down each side of the head. I detest top knots bloused so far out that they extend farther than the end of the nose, which gives them the look of a flying saucer. They obscure seeing the eyes (done on purpose?). However, unless the top-knot is far too extreme (too high, too sprayed/glued up), I do not penalize the dog, for what a human has done to it. It is very sad to see immaculately groomed dogs, with every hair (glued in place) standing absolutely still with a sad, lifeless expression. In no way is grooming more important than type, proper structure and movement. 3. What head characteristics are most important to breed type? In addition to those listed previously, the head should be round from the front and side. The muzzle should be square, and the front of the muzzle (from bridge of the nose to the under jaw), and when viewed from the front, should be perpendicular. Think from the side round, from the front round with a square, in the center lower portion of the circle representing the muzzle. 4. Describe ideal Shih Tzu movement and its impor- tance in judging. Again see answer #1. I must emphasize (from the standard) that “the Shih Tzu is shown at its own natural gait, not raced and not strung up”. I want exhibitors to move their dogs swiftly, while walking. I am very critical of racing in the ring. The proof of good structure is movement. Shih Tzu movement should be smooth, not bouncy or choppy, with good reach and drive while not being strung up (I did not say loose lead) the Shih Tzu should hold its head arrogantly. high 5. Are there any unforgivable faults in the Shih Tzu breed? This is hard to restrict to only one fault, but when all is said and done, I cannot abide, small, narrow, beady eyes, down faced dogs, and weak under jaw. I am not very critical of a missing tooth, as long as the jaw is broad. A reverse scissors bite is perfect for me. 6. What, if anything, do you feel non-breeder judges get wrong about the breed? There are a couple of things: a) many non-breeder judges are intimidated by grooming and are hesitant to get into the top knot to find out if the head is really round. b) No breed should be judged by the name of the group it is in. Though the Shih Tzu is in the Toy Group in AKC classifi- cation, historically the Shih Tzu (though small overall in stature), is not “toyish”. A note: the word “cute” does not appear in any breed standard. Breeds in all seven groups should be judged by their standards, and not by the “name” of the group they are in. Some feel that if Shih Tzu were in the Non-Sporting Group, that they would get too big. I might point out that Shih Tzu in Canada are in the Non-Sporting group, and look at the winning that these Canadians have done over the years at our Nationals. 7. What do handlers do in presentation that you wish they would not?
From left to right: turner from 1987 with the top knot of the day, which I still prefer; Studley durite from 1981, notice the size of the head and how round it is; topper, notice his huge eyes broad muzzle and inky black pigment.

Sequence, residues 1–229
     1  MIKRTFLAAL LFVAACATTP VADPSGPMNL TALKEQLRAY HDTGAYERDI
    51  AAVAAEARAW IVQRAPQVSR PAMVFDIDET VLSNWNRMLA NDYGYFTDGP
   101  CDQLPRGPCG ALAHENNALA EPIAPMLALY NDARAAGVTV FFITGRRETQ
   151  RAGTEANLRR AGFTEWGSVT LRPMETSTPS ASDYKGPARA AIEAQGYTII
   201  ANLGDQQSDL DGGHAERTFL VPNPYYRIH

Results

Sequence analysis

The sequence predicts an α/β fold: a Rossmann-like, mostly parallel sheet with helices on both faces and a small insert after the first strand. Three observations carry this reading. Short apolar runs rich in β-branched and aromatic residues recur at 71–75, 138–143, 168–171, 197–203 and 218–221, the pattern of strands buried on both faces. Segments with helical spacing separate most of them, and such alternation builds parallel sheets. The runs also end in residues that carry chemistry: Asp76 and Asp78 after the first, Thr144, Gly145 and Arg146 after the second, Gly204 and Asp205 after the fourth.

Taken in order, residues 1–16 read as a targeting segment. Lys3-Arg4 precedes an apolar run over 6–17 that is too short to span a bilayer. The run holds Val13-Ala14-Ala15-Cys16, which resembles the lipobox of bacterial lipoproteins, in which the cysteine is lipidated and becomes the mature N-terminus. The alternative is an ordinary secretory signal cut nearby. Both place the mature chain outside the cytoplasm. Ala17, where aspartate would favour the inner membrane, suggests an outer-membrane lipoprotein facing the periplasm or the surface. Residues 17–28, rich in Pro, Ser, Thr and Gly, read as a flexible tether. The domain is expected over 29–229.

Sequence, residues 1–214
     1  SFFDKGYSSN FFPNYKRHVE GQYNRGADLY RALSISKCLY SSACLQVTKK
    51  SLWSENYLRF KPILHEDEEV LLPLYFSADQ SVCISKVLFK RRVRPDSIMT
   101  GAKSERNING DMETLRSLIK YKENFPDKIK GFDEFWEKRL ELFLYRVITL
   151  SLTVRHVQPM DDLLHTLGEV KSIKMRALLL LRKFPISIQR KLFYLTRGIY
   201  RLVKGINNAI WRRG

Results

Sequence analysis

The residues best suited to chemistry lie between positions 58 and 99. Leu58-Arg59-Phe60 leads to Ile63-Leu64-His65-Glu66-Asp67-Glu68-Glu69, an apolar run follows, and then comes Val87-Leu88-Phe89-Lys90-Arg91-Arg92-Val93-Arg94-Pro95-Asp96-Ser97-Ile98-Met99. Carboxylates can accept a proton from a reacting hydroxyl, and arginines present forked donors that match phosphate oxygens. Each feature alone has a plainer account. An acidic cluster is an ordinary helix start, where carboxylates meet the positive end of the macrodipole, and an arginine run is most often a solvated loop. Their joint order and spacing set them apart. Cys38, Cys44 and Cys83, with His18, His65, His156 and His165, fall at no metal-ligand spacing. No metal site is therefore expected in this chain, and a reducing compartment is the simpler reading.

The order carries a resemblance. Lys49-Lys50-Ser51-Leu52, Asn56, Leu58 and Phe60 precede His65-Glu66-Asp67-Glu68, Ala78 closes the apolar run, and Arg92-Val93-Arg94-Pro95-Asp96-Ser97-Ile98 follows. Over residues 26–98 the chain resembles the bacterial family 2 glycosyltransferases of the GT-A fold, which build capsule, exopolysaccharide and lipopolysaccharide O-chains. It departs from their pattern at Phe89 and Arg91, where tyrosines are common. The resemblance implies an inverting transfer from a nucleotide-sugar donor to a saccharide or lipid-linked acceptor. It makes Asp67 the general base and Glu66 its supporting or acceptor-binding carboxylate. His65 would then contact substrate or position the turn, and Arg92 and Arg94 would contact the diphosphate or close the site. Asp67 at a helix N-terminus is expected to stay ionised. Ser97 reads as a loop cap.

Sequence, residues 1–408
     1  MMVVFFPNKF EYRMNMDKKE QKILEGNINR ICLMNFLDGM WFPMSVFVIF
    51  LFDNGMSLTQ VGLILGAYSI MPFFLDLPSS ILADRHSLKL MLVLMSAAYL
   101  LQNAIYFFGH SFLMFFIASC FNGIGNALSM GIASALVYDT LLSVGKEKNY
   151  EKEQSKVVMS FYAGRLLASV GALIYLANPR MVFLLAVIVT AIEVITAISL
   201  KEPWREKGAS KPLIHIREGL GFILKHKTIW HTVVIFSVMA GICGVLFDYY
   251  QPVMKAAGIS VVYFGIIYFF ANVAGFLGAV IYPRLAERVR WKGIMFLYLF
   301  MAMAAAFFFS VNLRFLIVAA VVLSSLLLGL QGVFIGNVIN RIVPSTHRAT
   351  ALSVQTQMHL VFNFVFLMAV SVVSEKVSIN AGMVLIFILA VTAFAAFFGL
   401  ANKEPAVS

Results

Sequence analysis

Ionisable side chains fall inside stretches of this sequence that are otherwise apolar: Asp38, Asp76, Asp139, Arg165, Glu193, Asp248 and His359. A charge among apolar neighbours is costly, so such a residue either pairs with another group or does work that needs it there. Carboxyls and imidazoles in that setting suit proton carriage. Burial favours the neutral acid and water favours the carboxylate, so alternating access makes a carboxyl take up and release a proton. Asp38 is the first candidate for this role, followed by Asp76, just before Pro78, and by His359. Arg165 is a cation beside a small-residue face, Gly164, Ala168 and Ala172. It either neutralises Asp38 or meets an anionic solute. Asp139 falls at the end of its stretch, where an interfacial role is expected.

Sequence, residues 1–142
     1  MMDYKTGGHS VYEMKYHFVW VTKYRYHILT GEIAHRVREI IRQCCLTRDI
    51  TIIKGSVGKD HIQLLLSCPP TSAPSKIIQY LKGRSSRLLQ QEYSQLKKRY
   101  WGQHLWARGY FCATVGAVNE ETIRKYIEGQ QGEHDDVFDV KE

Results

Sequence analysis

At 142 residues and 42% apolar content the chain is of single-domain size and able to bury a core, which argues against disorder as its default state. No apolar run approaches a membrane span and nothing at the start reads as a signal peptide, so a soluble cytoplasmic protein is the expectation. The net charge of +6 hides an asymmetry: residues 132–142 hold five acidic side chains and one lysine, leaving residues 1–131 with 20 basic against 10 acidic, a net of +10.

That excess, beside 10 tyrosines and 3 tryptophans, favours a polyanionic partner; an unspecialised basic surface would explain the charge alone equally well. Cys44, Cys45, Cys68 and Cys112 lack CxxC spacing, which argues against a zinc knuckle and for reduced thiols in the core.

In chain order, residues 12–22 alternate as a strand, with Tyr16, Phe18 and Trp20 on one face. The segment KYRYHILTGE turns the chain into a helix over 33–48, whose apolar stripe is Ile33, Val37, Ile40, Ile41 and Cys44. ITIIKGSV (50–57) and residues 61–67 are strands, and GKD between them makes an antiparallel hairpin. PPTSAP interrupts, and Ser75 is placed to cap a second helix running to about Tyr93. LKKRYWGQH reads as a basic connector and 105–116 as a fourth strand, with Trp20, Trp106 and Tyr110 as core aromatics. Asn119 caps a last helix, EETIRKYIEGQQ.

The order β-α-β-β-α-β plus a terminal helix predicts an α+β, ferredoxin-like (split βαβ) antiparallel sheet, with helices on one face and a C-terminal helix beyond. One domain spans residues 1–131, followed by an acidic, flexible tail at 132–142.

Not run while in the ring, and not pick their dogs up by the tail, not stuff bait in their mouths while trying to examine. 8. What traits do you see popping up these days that are going in the wrong direction? What is getting better ? Actually for a long time the breed has been losing head size and shape (flat between the ears, not round), and many of them are lacking in bone; are not compact, solid, carrying good weight and substance. In short, many are just plain too small. 9. What previously campaigned Havanese come close to your ideal? Please explain. The dog we owned and specialed in 2010-11, Multiple ASTC National Specialty winning, BIS Ch. Hallmark Jolei Austin Powers. Check the parameters in the standard— he is right in the middle. He stands 10 ½ "x10 ¾ " and weighs 14 pounds. Notice the head and eyes and breadth of muzzle. He comes as close to the ideal, as we have seen in many years. Of the Shih Tzu we have personally bred or owned, three come to mind: BIS and Specialty winning, Ch. Shen Wah’s Turner it Loose, and multiple group and specialty winning Ch. Char-Nicks Studley Durite, and Ch Charing Cross High Roller (Topper) Given to us by Gilbert Kahn. All three of these dogs had beautiful large heads and large round dark eyes, and wonderful coat texture. 10. How does the breed in North America compare to other parts of the world? Today, there is not as drastic of a difference between North America, and other parts of the world, with the exception of England. In comparison to North America, their dogs seem longer, and lower, with more bowed fronts. I have found that European judges will absolutely
NOT abide our “over the top” top knots. 11. Do you have anything else to share?
I wish our breeders would truly study the history of the breed, and practically memorize the standard, and breed to it. I hate to hear people say “I don’t care what the standard says, I like...”. Next, all breeders of any breed (in addition to knowing their breeds standard) should be well versed in canine anatomy, structure, and movement. Proper movement should be as important for toy breeds as it is for any breed. There are many, many resources. Judging Shih Tzu should not be a grooming contest, but a dog show, with emphasis on SHOW. A thought about improving the quality of the breed (prob- ably any breed): Wouldn’t it be interesting if all breeders had to take and pass tests over the breed standard, and anatomy before they could register their FIRST litter?
t4 )08 4 *()5 . "(";*/& 4 &15&.#&3
Powered by FlippingBook